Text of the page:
Kirsten said...

Now I'm really hungry and all I have is McDonald's and Pizza Hut. Thanks a lot! :)

Anonymous said...

I'm with you, Crotchety! Fortunately, we've still got some "local" restaurants in these parts.

In Benton, there's Ed & Kay's which features good ol' home cooking, Bo's Barbecue, Denton's Trotline (for the best catfish anywhere) and a few others. If you head up to northwest Arkansas you'll find Tontitown -- originally settled by Italian immigrants and featuring some of the best Italian restaurants around.

But, here's the thing. I used to live in northwest Arkansas and decided the area was losing its character about the time that the Olive Garden was built in Fayetteville and became more popular than those fantastic places in Tontitown.

Oh, and thanks for the link! Make sure to jump right on that pro-boysenberry bandwagon! I'm sick to death of losing things I loved in my youth.

Maybe that's what happens when we approach middle age, huh?

Da Old Man said...

@ Kirsten: Sorry. There's got to be some place better than that, though.

@ The Hawg: Calling Olive Garden an Italian restaurant is like calling MickeyD's a steak house. Sad how this is happening. Tontitown, huh? I'm trying to convince the Mrs. to move. Fine restaurants are always a good incentive for her. I'm also joining the pro boysenberry movement.

Donnie said...

My dad was manager of a chemical plant that had over 1,000 employees. They had their own barber shop, baseball team and commissary/grocery. They sold meats, vegetables, breads, candies and cakes, etc. that were all grown or made by the employees and their families. Even the beef was 100% Angus and raised by a man named "Faye" Perkins. We all ate great food at a great low price!!!

Kathy said...

My dad owned a tire service company and they serviced a fleet of bakery trucks. We'd get to go there on Sunday mornings and pick off rolls and bread RIGHT FROM THE CONVEYOR BELT after coming out of the oven. Sometimes I'd eat a kaiser roll right there, still hot in my hands. I remember the unbearable heat of the plant and the freshness of the bread. Nothing like it! Thanks. Now I'm starving.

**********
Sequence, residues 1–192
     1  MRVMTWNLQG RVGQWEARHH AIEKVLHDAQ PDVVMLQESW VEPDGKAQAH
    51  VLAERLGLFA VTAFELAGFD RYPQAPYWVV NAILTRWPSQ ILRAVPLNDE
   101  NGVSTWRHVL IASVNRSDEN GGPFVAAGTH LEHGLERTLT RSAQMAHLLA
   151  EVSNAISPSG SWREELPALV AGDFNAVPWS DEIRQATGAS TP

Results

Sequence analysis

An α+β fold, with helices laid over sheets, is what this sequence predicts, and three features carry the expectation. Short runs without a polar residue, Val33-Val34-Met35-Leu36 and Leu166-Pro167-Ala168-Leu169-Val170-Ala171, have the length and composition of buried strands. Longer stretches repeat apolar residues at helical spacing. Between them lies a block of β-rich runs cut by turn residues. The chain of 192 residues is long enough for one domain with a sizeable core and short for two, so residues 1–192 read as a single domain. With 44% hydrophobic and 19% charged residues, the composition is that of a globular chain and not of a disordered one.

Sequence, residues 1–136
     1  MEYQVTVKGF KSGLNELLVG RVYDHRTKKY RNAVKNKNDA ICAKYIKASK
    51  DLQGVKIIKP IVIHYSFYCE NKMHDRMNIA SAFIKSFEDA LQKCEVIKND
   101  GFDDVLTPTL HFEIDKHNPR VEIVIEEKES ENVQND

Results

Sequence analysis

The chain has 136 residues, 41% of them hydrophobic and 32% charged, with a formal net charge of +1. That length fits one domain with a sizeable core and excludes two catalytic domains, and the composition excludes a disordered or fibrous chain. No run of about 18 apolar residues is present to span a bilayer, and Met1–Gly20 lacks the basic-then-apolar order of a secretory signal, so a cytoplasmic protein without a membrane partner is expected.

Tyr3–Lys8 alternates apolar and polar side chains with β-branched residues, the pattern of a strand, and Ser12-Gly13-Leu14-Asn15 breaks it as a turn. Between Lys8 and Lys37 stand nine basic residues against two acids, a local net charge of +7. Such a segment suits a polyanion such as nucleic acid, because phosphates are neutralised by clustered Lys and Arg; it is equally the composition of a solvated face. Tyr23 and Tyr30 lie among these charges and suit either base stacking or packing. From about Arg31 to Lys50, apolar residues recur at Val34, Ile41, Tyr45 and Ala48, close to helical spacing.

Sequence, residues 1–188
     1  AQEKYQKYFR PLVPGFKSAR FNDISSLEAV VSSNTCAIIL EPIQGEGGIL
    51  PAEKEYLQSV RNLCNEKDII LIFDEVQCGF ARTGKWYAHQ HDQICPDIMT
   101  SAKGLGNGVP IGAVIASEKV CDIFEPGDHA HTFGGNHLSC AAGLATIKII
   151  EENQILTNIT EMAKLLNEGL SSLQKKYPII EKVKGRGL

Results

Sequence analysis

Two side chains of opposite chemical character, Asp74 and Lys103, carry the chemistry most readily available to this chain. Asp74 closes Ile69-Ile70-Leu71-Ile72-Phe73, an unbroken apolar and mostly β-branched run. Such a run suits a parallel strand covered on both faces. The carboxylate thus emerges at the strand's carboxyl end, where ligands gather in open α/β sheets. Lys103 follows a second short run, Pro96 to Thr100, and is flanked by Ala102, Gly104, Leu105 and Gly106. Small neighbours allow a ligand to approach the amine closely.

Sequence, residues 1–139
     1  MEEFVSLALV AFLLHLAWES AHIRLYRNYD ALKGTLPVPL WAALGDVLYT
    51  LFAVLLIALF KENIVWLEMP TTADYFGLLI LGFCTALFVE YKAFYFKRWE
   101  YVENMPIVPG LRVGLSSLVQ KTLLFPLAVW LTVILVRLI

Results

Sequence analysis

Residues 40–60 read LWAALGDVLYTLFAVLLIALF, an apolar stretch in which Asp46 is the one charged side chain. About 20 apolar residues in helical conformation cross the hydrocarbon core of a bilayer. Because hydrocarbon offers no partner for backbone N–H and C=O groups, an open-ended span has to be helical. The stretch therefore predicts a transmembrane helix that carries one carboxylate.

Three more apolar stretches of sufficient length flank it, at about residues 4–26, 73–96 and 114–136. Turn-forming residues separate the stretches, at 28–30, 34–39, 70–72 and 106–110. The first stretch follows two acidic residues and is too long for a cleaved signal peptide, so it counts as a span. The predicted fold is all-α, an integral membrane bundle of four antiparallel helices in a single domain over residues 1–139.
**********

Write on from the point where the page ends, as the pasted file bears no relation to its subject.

JD at I Do Things said...

Mmmm. I'm sorry, but I do love McDonald's and a few other fast-food chains. But your descriptions of fresh bread and pizza make me feel sad for my youth. When I was a kid, the biggest deal possible was my dad walking thru the door with Burger King bags.

Today, tho, if you have me a choice, I'd pick the fresh bread over a Big Mac.

Just barely.

JD at I Do Things

Da Old Man said...

@ Don: That sounds wonderful. Beats the crap out of the Frankenfood we get today

@ Kathy: I love bread warm from the oven. What a great memory

@ JD: MickeyD's tastes ok, but you need to go to one of the places like White Rose (a neghborhood burger joint with a couple locations in central NJ) and you would be so spoiled.

Anonymous said...

I'm with you old man!!! You know if you eat out for a couple of days and then eat a home cooked meal, you can instantly feel the difference. I don't think most people realize that their bodies hate fast food, whether their taste buds say otherwise or not!!! Sure, we do the "convenience" thing every once in awhile, but I try to cook most of the time.

Laura said...

Great post! I really enjoyed reading it but now I'm starving! :)

Da Old Man said...

@ Angie: We cook nearly every day, too. Fast food is maybe once a week or less.

@ Laura: Have something healthy. :)

Petra a.k.a The Wise (*Young*) Mommy said...

Oh man, I am starving and that post did not help me out man!! I can smell that Italian bread right now and my stomach is growling. Damn you!!

Da Old Man said...

@ Petra: It was good, too. Crispy on the outside and soft on the inside. All it needed was some butter. Or a piece of provolone cheese and some dried sausage or pepperoni.